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USA:  The FBI is warning people to be on alert for refrigerant substitutes that have not been approved by the Environmental Protection Agency.

These refrigerants sold as Super-Freeze 22a, Super-Freeze12a, Super-Freeze 134a, Enviro-Safe 22a have not been submitted to the EPA for review as alternative and accepted refrigerants. With some containing propane, which is flammable and can explode or catch fire if a spark comes into contact with the refrigerant; for example a technician servicing an air conditioner gets too close to the coolant while soldering.

These refrigerants are made primarily of fuel gas propane, but it is not odorized to alert people of "gas smell". The problem lies in the way they down play the flammability so the people don't realize it's actually barbecue grill gas they're handling.

According to the FBI they're sold as "drop-in replacement, second generation, non-ozone depleting hydrocarbons" They're usually called "R22a" with an "a" The investigation is titled "Super-Freeze" but it covers all the look alike products such as ecofreeez EF22a, Frost 22a, Dura-Cool, Envirosafe ES22a and others.

The EPA has said it knows of cases in the U.S. and abroad where people have been injured after using unapproved refrigerants in air conditioners. Additionally, the agency took action against a U.S. company in 2013 for selling an unapproved refrigerant that had the potential to explode.

If you have purchased any of the above refrigerants and/or received a letter notification from the FBI, you have been identified as a possible victim who may have unknowingly purchased flammable refrigerant.

If you believe you may be at risk or know that a flammable refrigerant has been installed into your air conditioning system, call a licensed air conditioning professional as soon as possible and do not attempt to service the system yourself.

If you have purchased one of the above refrigerants please complete the online form

Super Freeze Refrigerant Questionnaire

 

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USA:  The EPA (Environment Protection Agency) is proposing to increase the options for better environmental refrigerants in the United States.

If finalised as proposed, the rule would list hydrocarbon substitutes as “acceptable subject to use conditions” in a number of stationary air conditioning (AC) and refrigeration end-uses under the EPA’s Significant New Alternatives Policy (SNAP) Program.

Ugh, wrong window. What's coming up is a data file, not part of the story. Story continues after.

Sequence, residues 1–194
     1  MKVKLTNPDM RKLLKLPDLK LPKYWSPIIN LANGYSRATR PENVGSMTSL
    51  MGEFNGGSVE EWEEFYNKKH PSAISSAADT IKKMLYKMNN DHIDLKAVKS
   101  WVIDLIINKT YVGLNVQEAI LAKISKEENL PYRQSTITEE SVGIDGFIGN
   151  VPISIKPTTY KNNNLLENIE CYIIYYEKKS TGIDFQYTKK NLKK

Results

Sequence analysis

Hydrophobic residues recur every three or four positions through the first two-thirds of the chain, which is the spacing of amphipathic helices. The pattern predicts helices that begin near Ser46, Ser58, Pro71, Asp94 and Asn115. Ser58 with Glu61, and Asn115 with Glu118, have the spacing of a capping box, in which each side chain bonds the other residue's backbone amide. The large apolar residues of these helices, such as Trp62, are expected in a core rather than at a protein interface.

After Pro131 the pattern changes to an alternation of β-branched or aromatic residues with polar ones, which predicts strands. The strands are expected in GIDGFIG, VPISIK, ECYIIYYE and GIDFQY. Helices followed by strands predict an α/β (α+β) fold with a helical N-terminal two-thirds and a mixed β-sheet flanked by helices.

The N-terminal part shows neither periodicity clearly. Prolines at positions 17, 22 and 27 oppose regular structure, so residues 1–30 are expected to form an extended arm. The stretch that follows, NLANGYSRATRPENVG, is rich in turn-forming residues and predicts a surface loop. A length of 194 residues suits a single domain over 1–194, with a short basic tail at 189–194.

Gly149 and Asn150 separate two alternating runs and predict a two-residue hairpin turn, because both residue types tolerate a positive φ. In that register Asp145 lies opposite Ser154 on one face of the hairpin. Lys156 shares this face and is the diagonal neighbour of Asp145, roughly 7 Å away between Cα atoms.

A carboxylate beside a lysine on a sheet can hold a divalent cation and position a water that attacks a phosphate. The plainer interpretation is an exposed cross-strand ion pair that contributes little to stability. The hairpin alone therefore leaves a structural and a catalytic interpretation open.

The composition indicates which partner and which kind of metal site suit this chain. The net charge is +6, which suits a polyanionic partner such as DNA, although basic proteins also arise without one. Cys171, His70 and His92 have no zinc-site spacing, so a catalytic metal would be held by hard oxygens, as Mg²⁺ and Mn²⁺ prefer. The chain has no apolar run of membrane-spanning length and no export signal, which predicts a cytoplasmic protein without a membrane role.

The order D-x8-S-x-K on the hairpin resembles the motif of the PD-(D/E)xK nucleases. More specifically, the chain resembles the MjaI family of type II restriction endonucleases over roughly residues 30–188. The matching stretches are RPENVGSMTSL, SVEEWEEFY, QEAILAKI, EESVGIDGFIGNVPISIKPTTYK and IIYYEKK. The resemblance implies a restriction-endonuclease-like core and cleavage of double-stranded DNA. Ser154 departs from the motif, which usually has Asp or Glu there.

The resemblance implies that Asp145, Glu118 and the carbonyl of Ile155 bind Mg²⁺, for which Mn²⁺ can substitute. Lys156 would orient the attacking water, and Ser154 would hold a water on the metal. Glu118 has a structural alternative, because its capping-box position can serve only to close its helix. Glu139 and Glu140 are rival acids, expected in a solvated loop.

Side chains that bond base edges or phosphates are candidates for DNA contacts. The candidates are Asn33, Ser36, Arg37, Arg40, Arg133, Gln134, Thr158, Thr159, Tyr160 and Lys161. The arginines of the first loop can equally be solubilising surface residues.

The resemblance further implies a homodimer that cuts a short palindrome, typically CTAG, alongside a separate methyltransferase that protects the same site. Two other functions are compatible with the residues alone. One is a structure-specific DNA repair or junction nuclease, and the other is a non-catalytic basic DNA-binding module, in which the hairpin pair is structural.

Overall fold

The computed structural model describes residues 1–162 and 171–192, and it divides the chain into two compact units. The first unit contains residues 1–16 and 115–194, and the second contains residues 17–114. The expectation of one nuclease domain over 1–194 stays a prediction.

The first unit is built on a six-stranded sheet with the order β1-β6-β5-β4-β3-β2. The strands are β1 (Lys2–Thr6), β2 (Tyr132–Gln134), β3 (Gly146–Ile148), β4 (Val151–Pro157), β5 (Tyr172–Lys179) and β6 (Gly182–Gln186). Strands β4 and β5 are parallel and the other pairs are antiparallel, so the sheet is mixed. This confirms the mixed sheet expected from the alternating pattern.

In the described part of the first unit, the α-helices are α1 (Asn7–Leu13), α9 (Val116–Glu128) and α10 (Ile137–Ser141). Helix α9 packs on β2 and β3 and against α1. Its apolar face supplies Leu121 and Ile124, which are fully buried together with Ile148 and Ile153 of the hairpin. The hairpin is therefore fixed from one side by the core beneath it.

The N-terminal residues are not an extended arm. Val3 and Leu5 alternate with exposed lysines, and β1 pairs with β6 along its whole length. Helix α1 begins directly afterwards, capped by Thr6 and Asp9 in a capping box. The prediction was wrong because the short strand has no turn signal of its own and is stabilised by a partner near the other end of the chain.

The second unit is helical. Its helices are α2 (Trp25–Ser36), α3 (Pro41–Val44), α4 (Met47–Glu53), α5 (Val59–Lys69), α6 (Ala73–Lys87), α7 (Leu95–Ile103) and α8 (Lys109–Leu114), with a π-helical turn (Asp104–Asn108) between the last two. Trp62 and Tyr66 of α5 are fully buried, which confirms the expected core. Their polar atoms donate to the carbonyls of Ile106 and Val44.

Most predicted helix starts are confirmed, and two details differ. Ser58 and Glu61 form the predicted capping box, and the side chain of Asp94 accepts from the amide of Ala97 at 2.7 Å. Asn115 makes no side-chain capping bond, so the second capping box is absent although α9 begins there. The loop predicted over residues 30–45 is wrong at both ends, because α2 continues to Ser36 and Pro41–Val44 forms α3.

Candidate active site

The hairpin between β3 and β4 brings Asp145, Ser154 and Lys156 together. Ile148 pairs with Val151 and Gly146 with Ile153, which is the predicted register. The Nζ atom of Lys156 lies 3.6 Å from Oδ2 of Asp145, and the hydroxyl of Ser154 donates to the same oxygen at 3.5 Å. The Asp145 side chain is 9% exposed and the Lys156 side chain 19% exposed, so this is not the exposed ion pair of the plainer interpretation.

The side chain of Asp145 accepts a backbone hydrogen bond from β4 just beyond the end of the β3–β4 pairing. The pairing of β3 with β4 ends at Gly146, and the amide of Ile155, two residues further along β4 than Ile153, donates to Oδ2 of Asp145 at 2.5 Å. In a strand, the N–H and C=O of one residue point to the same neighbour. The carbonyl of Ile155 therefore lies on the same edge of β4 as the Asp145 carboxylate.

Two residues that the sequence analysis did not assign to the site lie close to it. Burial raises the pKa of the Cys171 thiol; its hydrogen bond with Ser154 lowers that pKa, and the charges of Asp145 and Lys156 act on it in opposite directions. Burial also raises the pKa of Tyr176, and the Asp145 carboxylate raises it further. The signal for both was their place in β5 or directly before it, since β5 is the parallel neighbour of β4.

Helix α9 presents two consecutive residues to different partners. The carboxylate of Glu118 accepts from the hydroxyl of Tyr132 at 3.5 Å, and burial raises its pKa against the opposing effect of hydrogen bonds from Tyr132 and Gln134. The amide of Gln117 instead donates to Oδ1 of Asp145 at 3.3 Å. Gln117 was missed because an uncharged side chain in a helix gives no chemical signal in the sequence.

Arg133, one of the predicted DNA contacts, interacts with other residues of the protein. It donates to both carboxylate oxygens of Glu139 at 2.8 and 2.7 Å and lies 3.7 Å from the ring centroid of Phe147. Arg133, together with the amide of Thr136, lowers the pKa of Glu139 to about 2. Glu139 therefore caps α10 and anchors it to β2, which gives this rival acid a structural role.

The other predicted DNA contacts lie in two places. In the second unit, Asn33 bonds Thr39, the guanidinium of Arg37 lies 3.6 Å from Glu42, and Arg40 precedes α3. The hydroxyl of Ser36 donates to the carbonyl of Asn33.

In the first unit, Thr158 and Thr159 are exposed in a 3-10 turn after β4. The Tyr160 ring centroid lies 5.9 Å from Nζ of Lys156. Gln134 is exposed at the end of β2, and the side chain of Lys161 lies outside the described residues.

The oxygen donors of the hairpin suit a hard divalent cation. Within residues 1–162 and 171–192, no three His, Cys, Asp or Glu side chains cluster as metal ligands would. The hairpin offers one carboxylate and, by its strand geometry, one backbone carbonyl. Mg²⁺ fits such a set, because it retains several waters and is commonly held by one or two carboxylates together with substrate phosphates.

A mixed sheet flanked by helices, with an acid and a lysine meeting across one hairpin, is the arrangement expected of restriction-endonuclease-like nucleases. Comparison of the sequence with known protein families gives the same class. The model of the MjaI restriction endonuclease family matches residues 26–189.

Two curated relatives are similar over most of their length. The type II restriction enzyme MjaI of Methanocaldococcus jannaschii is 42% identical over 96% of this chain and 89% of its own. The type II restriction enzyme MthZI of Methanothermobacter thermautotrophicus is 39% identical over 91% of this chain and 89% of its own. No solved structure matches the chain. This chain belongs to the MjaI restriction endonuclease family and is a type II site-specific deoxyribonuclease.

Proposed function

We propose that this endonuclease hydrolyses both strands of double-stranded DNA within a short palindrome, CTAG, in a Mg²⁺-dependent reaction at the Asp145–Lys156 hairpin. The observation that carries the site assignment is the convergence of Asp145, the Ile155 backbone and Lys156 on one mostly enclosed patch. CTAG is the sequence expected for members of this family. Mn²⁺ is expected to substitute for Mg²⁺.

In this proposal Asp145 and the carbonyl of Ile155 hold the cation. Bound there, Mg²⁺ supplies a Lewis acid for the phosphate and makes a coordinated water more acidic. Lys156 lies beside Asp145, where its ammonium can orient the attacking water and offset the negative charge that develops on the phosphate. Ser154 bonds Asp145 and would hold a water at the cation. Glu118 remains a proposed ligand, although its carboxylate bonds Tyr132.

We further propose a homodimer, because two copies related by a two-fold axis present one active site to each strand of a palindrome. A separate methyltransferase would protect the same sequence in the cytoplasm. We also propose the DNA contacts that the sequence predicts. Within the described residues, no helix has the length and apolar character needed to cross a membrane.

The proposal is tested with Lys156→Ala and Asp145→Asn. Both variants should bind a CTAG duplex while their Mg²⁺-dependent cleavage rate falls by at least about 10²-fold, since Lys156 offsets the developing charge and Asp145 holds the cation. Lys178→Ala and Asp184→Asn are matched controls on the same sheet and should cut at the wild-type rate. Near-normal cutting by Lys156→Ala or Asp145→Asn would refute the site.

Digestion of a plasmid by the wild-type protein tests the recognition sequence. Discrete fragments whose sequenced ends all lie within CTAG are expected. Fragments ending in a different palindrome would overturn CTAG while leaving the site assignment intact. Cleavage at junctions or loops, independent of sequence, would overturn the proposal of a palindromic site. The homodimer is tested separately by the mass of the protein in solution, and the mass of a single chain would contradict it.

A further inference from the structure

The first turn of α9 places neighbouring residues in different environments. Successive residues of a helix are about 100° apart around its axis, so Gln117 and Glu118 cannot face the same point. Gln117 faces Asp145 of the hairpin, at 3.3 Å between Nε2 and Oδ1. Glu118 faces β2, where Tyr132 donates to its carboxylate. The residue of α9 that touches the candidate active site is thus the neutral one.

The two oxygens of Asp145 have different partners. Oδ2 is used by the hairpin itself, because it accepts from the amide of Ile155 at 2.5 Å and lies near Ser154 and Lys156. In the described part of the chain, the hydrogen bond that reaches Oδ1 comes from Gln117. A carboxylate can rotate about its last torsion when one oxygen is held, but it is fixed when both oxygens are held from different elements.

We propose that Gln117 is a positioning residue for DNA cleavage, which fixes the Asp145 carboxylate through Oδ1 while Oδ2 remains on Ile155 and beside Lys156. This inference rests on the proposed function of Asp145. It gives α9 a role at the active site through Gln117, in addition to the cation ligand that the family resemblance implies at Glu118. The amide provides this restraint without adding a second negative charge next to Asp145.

In addition, this action proposes to exempt from Section 608’s prohibition on venting, release, or disposal, the four hydrocarbon refrigerant substitutes that are proposed for being listed as “acceptable subject to use conditions” in specific end-uses, on the basis of current evidence that their venting, release, or disposal does not pose a threat to the environment.

The proposals include;

  • Household refrigerators and freezers: The EPA proposes to list propane (R290), as acceptable subject to use conditions as a substitute in household refrigerators and freezers and combination refrigerator/freezers subject to the following use conditions. The charge size for any household refrigerator, freezer, or combination refrigerator and freezer for each circuit using R290 must not exceed 57 grams (2.01 ounces).

 

  • Retail food refrigeration: The EPA proposes to list isobutane (R600a) and the hydrocarbon blend R441A as acceptable subject to use conditions as substitutes in retail food refrigeration (new stand alone commercial refrigerators and freezers only). The EPA proposes a charge size limit of 150 grams (5.29 ounces).

 

  • Very low temperature refrigeration and non-mechanical heat transfer (intended to maintain temperatures considerably lower than for refrigeration of food, for example, -80°C (-170°F) or lower): The EPA proposes to list ethane (R170) as acceptable, subject to use conditions, in very low temperature refrigeration equipment and in non-mechanical heat transfer. The EPA proposes a charge size limit of 150 grams (5.29 ounces).